The CDS views also serve as a solid basis for embedded analytics in S/4HANA. They form a modeling layer that serves as a starting point for embedded analytics with CDS queries. This enables companies to analyze their data effectively and gain insights that can help improve business processes.
With the new functions, SAP is strengthening integration within the SAP stack. “Nobody understands SAP as well as SAP does”. This gives good reasons for companies to rely on SAP. At the same time, I see many requirements where the complexity and focus on SAP functions is unnecessary ballast. In my view, this speaks in favor of a hybrid solution. Especially as the further development of products and prices is only partially secured for the future. Technological change and business decisions by SAP are difficult to predict. The trick is to combine a powerful portfolio of different suppliers and technologies into a [business analytics] platform in such a way that different uses (“as if from a single source”) are possible from the user’s perspective. I am concentrating here on AWS, Azure and Pyramids as very dissimilar platforms.
AWS Analytics is a powerful collection of services and tools that help companies collect, process, and analyze data efficiently. Here are seven specific benefits of the AWS solution:
Versatility: AWS offers a wide range of analytics tools for different needs, including Amazon Quicksight for business intelligence, Amazon Redshift for data warehousing, and Amazon Kinesis for real-time streaming data.
Scalability: With AWS, you can scale your analytics capacity as needed. This means you don’t have to pay for unused resources and your infrastructure can keep pace with the growth of your business.
Security: AWS places great emphasis on security and compliance. All data is stored securely in the AWS cloud and can only be accessed by authorized users.
Integration: AWS analytics tools integrate seamlessly with other AWS services, allowing you to take a comprehensive, unified approach to your data management.
Machine learning: Some AWS analytics tools offer built-in machine learning capabilities that allow you to recognize complex patterns and trends in your data.
Cost efficiency: With AWS, you only pay for what you actually use. There are no upfront costs or long-term commitments, making AWS a cost-effective solution for organizations of all sizes.
Global presence: AWS has data centers around the world, which means you can store your data where it makes the most sense for your business and allows quick access to your data from anywhere.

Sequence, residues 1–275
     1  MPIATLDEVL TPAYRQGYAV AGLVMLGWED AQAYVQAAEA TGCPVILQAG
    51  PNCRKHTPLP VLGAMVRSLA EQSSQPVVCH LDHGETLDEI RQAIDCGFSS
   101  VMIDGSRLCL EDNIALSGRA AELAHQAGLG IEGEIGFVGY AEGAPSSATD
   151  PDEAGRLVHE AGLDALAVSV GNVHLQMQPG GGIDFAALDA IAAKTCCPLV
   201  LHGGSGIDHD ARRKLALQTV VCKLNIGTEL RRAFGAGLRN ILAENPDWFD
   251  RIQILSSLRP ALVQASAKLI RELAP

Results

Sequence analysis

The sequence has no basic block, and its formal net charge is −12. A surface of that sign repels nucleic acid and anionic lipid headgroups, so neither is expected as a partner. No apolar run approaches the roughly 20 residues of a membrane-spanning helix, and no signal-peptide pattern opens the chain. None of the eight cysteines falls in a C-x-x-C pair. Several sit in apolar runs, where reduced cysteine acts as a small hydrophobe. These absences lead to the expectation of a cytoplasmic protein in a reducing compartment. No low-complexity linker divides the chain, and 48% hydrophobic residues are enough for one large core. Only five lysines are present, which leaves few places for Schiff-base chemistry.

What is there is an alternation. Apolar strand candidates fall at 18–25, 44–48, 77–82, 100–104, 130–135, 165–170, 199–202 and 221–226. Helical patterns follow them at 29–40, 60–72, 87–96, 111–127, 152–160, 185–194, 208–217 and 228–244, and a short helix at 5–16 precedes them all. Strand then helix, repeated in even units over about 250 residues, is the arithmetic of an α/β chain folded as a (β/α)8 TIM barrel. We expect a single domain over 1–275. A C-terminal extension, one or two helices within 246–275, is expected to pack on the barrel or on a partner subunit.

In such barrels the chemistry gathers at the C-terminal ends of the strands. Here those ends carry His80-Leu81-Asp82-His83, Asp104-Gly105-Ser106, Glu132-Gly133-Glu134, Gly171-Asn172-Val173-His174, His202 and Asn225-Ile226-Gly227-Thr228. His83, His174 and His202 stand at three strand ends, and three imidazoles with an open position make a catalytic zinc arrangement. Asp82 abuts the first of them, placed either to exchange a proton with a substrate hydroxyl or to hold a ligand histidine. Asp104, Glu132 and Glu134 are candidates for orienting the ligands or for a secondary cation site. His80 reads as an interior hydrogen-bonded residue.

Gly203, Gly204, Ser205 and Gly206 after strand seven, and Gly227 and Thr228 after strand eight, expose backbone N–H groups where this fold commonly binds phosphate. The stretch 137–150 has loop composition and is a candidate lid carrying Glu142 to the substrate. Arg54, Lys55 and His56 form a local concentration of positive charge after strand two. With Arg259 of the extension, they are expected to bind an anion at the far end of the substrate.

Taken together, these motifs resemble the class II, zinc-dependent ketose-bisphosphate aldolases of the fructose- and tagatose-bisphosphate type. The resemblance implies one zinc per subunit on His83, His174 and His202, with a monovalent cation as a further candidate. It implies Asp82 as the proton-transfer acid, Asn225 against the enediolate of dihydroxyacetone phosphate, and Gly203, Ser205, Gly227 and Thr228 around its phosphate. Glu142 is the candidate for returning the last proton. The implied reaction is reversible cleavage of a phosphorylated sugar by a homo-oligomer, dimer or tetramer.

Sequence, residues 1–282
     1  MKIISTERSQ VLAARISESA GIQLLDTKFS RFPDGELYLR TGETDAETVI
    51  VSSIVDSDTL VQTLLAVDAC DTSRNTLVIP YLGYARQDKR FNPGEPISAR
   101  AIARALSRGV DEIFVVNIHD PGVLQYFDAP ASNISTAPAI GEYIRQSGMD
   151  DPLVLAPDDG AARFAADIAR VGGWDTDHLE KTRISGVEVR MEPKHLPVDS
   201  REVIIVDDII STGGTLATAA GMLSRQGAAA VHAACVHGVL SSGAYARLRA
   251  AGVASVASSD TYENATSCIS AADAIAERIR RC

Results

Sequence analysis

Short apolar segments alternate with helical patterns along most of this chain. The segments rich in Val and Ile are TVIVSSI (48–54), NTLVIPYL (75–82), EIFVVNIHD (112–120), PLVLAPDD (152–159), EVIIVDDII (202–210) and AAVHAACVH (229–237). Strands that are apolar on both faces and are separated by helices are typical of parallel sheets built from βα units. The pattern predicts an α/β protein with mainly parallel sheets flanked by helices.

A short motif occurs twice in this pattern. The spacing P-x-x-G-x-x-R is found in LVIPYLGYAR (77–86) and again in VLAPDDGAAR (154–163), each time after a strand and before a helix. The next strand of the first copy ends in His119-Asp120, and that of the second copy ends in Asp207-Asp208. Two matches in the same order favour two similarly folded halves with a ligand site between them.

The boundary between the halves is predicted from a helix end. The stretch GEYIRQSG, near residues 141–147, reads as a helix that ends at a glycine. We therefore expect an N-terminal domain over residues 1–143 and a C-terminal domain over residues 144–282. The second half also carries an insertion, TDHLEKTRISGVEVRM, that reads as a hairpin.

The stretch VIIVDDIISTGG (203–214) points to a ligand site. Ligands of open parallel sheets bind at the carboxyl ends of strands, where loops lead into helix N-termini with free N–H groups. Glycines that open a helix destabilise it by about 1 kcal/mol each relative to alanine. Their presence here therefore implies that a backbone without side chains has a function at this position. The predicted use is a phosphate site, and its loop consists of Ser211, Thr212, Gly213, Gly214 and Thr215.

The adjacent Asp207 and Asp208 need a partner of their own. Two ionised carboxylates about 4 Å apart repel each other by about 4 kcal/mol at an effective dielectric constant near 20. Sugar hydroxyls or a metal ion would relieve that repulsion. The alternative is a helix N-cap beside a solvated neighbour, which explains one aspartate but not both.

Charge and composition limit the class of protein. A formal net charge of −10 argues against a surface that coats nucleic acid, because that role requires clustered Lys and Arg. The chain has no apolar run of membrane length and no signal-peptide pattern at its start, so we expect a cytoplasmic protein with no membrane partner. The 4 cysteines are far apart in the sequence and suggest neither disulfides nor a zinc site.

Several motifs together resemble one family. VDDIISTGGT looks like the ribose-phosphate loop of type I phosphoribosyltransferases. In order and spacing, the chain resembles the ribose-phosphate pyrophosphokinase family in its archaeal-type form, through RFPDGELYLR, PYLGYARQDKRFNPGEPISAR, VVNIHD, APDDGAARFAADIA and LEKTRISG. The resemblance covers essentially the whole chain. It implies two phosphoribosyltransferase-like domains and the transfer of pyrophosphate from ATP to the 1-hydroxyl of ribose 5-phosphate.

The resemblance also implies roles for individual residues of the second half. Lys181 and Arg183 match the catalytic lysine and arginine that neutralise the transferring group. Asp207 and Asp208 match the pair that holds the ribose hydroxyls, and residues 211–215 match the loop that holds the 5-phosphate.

Azure Data Fabric is an integrated collection of big data and analytics services that enable seamless data processing and analysis.
Here are seven specific benefits of the Azure Data Fabric solution:
- Full integration: Azure Data Fabric is fully integrated into the Azure ecosystem, enabling easy connection with other Azure services such as Azure Machine Learning or Azure Synapse Analytics.
- Scalability: Azure Data Fabric can easily scale to handle large volumes of data, making it ideal for organizations with growing data needs.
- Flexibility: Azure Data Fabric allows you to process data in real-time or in batches, depending on your business needs.
- Security: Azure offers robust security measures, including encryption at rest and in transit, to ensure the safety of your data.
- Ease of management: Azure Data Fabric provides a centralized management interface that simplifies the management and monitoring of your data.
- Cost efficiency: Azure Data Fabric uses a pay-as-you-go model, which means you only pay for the resources you actually use.
- Global availability: With Azure, you can store your data in any of Azure’s global data centers, helping you minimize latency and improve performance.
My colleague has just written a blog about Pyramid, which I am happy to recommend here: Pyramid Analytics
Overall, the situation for SAP Analytics users is complex and challenging. While analytics plays an important role in the digital transformation of companies, there are still many challenges to overcome. The dissatisfaction of DSAG members with SAP’s product strategy shows that there is room for improvement and that users need better communication and involvement in the decision-making process.
I am convinced that building the Business Analytics Platform for most companies should involve more than just SAP products. Many users face exactly the same challenges, so in my view, it is always worth exchanging ideas …